onsdag 3 juli 2013

Theology must assimilate contemporary science

Arguments about the liturgy roll on. In my view it was a key factor in the implosion of the Catholic church in the last four decades. The reforms drove some people away altogether, and their withdrawal from the active life of the church cannot just be explained away as inadequate faith. There is a limit to the amount of liturgical abuse that people can be expected to tolerate.

As the years wore on, those teenagers who had, as often happens, left the church before the reforms, returned in later life to find a church they could no longer recognise and relate to. Thus an important source of (re)-recruitment was lost. A further issue was, and remains, the use of special liturgies for children and indeed the infantilisation of the mainstream liturgy, which made the church childish-seeming and something to grow out of.

I believe that the problems with the liturgy can be understood by reference to
  1. the anthropological theories developed by Barthes and Levi-Strauss in the 1960s, as these referred to earlier work on semiotics by Saussure and others,
  2. the cross disciplinary work on lingustics and psychology and
  3. recent work on neuro-psychology and brain function, with an input from genetics and evolutionary theory.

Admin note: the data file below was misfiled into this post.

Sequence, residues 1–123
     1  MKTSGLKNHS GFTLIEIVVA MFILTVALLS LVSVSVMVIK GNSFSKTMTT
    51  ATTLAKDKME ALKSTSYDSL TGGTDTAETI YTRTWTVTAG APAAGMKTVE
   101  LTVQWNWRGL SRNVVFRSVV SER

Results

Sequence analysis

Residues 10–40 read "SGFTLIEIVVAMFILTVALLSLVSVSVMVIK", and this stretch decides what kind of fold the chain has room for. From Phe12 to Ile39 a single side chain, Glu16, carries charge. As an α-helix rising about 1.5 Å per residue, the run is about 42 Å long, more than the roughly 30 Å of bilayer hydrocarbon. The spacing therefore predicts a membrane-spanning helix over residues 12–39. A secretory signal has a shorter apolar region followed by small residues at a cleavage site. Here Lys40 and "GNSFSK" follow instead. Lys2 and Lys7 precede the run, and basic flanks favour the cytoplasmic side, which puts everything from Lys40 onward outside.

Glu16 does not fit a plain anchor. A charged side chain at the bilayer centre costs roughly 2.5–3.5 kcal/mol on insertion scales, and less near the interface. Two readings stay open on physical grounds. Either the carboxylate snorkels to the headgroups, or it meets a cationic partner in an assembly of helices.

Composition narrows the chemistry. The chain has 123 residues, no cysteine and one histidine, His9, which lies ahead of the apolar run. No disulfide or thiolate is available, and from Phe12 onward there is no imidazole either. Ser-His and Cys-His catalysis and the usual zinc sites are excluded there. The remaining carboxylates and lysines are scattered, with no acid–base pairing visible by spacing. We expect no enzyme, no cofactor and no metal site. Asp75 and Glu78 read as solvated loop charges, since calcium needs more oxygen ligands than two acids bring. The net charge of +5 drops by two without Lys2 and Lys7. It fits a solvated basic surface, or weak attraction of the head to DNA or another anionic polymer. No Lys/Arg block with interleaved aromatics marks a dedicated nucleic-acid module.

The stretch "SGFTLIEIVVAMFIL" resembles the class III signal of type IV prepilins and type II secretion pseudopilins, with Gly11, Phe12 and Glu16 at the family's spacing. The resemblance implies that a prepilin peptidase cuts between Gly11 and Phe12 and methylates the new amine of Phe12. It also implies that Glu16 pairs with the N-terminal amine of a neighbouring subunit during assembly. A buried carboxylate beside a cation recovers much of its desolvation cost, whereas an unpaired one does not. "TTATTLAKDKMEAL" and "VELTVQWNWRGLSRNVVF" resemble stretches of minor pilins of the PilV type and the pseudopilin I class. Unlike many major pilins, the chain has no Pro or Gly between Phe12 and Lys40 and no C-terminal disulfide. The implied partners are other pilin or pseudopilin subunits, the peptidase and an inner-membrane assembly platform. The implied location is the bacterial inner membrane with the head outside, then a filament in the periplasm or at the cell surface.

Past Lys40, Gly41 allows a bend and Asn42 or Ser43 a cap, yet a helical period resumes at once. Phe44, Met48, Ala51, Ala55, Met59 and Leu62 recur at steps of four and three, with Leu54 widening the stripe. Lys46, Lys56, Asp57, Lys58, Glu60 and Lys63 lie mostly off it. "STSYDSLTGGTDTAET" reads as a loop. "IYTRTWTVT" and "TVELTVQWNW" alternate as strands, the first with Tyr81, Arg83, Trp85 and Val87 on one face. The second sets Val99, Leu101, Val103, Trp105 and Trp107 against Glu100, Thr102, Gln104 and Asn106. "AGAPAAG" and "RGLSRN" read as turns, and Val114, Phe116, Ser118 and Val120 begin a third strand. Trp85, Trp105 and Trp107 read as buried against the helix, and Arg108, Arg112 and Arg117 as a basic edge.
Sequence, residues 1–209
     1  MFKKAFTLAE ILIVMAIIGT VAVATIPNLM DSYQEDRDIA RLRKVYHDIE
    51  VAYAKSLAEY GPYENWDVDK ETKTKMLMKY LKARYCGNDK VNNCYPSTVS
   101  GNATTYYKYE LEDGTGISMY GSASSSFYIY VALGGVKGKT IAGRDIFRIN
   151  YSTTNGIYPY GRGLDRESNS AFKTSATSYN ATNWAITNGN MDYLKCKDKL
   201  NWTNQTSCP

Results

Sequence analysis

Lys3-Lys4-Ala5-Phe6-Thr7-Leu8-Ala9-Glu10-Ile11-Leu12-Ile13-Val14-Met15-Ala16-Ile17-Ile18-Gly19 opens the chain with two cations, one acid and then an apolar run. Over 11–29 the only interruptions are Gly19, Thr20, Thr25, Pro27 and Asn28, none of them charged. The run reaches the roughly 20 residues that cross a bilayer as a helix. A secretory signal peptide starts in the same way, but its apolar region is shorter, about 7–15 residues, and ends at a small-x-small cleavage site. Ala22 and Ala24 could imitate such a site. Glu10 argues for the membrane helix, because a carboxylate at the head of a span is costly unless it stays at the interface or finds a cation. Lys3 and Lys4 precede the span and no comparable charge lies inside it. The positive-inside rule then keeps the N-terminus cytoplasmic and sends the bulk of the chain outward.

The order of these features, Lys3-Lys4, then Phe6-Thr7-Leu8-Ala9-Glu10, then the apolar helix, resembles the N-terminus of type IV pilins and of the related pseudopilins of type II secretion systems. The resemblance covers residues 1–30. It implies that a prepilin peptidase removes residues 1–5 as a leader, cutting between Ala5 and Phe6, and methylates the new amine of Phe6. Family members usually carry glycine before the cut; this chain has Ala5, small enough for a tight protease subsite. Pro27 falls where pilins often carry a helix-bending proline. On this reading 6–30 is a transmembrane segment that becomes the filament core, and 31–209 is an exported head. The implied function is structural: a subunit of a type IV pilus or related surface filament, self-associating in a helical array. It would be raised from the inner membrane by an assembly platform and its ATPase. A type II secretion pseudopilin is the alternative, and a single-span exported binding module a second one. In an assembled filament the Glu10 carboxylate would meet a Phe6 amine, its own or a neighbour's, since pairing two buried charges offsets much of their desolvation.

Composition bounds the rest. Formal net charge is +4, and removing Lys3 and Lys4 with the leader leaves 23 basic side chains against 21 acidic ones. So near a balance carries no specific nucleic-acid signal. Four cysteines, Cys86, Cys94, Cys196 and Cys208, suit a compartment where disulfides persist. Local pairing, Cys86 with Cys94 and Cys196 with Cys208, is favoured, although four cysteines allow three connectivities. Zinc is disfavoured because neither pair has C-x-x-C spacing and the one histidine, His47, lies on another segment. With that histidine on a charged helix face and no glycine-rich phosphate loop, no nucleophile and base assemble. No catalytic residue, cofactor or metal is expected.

The results of this work has been quickly grasped by those with an interest in making money by selling things. The big advertising and publicity companies, for instance, of necessity, employ staff with a sound grasp of these subject areas, but it seems that it has yet to find its way into theology and related disciplines.

There is a huge amount of recent cross-disciplinary material to be assembled and  integrated into contemporary theology. To cut a long story short, it would be concluded that the old saying lex orandi, lex credendi applies. Whilst the simplified form of Novus Ordo will continue to have its place - it is perfectly satisfactory, useful indeed, for example, in small communities for weekday use, and for didactic purposes - public celebration of the liturgy, especially in large spaces or when a lot of people are present, the Extraordinary Form needs to be the norm.

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